Early Alzheimer's Diagnosis May be Possible With New Imaging Compound
New tool detects Alzheimer’s protein, may help identify brain changes, assess treatment effects
By the time unambiguous signs of memory loss and cognitive decline appear in people with Alzheimer’s disease, their brains are already significantly damaged, dotted with clumps of destructive protein known as amyloid beta. For years, scientists have sought methods and clues to help identify brain changes associated with Alzheimer’s earlier in the disease process, so they can try to stop or even reverse the changes before they severely affect people’s lives. Now, researchers at Washington University School of Medicine in St. Louis have developed a chemical compound, named Fluselenamyl, that detects amyloid clumps better than current FDA-approved compounds. If a radioactive atom in incorporated into the compound, its location in a living brain can be monitored using positron emission tomography (PET) scans. Click here to read more.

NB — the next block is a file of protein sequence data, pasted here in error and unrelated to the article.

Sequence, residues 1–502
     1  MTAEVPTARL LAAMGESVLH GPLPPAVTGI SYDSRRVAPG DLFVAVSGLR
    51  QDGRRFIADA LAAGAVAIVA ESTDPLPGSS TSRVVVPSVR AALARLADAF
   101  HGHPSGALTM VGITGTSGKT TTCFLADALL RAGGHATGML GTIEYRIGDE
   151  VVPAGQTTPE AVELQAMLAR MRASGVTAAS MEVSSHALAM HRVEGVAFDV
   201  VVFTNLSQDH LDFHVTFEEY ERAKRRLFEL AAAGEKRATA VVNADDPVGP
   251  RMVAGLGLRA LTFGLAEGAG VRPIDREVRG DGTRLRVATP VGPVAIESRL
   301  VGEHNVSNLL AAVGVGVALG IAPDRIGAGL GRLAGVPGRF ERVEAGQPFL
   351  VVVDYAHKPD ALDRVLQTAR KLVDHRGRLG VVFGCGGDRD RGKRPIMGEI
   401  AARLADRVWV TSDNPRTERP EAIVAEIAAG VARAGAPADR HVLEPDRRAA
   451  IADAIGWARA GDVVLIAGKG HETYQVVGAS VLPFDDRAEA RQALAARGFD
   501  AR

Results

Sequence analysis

2017 National Neuroscience Review
March 31-April 1, 2017; National Harbor, Md.
Brain & Brain PET 2017
April 1-4, 2017; Berlin, Germany
Neurosurgical Society of America Annual Meeting 2017
April 2-5, 2017; Jacksonville, Fla.
13th Head & Neck Cancer Symposium
April 6-7, 2017; Amsterdam, The Netherlands
Endoscopic and Endoscope-Assisted Neurosurgery Under FULL HD Visualization
April 6-7, 2017; Germany